AWOL from the enlisted life

Once you start making lists, their tyrannical reign over your life becomes a fate worse than disorganization.

Published February 1, 1999 8:00PM (EST)

I'm nothing without my lists. Oh, I admit I slack off a bit during the summer months, sneaking items like "Apply Gold Rush polish to toenails" onto my home to-do list and actually misplacing my office list somewhere in my "in" box under back issues of Entertainment Weekly (book research, I swear) for weeks at a time. But with the summer clothes laundered and packed (Item No. 6 on Home List) and the school bus doorshissing open, I crack open a fresh "Things to Do" pad from my personal stash and vow to toughen up. As a working mom, making lists is the only activity I know of that's guaranteed to keep me sane and drive me crazy simultaneously.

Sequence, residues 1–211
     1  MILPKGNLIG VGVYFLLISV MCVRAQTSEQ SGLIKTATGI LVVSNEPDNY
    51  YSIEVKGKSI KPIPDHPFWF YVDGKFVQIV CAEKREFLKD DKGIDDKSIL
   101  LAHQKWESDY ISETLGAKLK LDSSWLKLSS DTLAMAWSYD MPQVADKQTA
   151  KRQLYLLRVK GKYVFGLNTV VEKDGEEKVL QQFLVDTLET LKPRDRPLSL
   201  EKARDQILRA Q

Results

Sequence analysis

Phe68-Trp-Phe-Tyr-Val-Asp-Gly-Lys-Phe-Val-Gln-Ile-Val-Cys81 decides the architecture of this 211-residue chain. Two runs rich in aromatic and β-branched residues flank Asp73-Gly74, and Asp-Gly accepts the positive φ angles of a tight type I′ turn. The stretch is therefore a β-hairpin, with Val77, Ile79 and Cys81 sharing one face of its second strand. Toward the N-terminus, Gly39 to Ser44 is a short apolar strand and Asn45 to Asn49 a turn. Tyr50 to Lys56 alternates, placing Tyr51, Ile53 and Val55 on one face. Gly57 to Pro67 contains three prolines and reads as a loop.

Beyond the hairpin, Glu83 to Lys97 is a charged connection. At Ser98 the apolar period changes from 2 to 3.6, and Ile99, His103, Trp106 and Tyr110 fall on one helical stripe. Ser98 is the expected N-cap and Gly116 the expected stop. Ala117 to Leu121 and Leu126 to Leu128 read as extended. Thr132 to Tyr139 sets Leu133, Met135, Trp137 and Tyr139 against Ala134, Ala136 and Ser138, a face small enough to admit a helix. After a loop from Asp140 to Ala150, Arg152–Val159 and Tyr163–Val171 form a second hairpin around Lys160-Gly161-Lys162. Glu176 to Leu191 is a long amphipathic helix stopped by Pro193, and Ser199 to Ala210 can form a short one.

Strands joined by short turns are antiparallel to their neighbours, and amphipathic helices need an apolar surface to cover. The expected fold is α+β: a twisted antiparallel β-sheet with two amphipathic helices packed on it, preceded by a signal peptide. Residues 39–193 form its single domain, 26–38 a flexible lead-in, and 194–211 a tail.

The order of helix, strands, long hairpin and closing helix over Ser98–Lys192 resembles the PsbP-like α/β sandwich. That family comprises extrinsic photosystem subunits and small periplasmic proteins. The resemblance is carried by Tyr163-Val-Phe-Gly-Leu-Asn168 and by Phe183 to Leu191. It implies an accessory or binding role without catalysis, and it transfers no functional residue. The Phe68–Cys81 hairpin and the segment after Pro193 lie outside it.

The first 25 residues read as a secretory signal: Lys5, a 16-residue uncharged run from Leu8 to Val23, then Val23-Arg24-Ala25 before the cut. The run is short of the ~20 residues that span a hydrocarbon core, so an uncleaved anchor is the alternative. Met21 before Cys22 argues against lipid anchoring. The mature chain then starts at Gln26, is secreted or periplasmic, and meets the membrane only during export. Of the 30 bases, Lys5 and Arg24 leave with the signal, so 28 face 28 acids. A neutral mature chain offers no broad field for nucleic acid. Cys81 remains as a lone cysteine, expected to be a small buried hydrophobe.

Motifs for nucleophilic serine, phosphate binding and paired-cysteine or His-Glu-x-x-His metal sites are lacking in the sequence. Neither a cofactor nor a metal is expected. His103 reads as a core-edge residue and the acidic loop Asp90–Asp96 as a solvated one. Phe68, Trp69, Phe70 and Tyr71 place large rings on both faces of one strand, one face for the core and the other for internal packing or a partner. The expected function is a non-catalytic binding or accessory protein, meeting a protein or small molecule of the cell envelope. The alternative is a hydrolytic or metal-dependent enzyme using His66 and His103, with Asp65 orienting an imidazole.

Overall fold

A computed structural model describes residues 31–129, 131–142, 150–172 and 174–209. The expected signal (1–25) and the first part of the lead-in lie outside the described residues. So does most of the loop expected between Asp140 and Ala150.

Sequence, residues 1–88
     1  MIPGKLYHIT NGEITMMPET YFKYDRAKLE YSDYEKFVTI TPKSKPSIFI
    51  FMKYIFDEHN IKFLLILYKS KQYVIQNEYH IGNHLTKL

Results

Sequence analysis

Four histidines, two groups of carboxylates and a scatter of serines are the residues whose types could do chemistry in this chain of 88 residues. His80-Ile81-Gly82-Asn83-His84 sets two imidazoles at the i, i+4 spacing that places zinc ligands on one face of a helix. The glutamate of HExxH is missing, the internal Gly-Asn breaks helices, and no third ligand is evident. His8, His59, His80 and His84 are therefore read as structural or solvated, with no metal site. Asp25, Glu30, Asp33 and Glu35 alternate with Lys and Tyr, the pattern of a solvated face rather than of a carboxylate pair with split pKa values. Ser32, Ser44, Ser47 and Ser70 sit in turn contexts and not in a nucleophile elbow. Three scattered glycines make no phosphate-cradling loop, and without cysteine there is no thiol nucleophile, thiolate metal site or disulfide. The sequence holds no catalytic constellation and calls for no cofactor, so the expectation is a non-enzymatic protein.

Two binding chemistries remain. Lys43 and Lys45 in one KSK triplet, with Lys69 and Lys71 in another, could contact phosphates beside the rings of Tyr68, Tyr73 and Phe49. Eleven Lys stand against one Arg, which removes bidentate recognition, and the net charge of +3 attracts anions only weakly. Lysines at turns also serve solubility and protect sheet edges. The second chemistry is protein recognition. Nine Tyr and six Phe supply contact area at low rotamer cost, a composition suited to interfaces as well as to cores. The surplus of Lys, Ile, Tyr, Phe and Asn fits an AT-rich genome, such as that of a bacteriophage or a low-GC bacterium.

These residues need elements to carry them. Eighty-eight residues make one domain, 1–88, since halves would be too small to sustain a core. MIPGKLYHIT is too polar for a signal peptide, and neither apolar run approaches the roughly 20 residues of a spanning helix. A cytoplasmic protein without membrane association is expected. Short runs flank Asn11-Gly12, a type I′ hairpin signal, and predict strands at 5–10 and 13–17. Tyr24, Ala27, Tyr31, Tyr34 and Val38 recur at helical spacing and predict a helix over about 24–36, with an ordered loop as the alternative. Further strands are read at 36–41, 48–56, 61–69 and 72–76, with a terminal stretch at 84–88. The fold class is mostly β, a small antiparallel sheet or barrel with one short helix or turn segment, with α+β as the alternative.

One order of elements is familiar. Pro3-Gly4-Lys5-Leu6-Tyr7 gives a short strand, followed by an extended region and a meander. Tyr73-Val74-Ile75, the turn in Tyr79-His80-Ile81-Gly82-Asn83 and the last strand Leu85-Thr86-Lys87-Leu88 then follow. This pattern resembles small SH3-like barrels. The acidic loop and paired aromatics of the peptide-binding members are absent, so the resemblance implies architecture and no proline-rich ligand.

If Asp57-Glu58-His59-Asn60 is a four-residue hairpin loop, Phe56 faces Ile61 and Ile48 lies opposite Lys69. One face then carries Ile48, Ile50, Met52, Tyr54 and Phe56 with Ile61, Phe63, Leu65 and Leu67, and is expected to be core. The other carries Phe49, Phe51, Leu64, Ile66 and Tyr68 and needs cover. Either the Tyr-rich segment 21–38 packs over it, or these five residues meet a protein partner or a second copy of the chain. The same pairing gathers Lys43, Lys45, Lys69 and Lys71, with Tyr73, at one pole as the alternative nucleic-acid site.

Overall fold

At any given time, I'm working two or three lists. I'm deeply passive-aggressive with my office list, where I cannot bring myself even to enter the most hateful tasks: itemizing expense accounts (digging out the restaurant receipts and taxi vouchers that have yielded their carbon-copy secrets to the silty bottom of my purse), writing overduebook flap copy ("adjective, adjective and adjective, this guide is indispensable reading for anyone who verbs"), calling scary literary agents. To this one I bring some feeble attempts at time management gleaned from books I've edited over the years; I officiously separate the "to do" from the "to call," organize relevant phone numbers next to the names and refrain from returning the receiver to the cradle between dialing, thereby shaving precious seconds to apply to more important tasks, by which I mean computer solitaire.